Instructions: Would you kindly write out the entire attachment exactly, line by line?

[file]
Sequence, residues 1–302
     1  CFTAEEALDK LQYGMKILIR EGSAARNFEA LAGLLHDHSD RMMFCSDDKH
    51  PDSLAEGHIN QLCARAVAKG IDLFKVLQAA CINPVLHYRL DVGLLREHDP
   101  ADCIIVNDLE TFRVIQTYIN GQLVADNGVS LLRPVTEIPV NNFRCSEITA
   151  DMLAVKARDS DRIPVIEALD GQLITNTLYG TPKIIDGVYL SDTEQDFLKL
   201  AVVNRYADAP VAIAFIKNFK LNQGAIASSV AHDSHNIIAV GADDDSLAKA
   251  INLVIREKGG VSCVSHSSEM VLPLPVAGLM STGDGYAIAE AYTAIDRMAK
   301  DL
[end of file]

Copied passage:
Sequence, residues 1–302
     1  CFTAEEALDK LQYGMKILIR EGSAARNFEA LAGLLHDHSD RMMFCSDDKH
    51  PDSLAEGHIN QLCARAVAKG IDLFKVLQAA CINPVLHYRL DVGLLREHDP
   101  ADCIIVNDLE TFRVIQTYIN GQLVADNGVS LLRPVTEIPV NNFRCSEITA
   151  DMLAVKARDS DRIPVIEALD GQLITNTLYG TPKIIDGVYL SDTEQDFLKL
   201  AVVNRYADAP VAIAFIKNFK LNQGAIASSV AHDSHNIIAV GADDDSLAKA
   251  INLVIREKGG VSCVSHSSEM VLPLPVAGLM STGDGYAIAE AYTAIDRMAK
   301  DL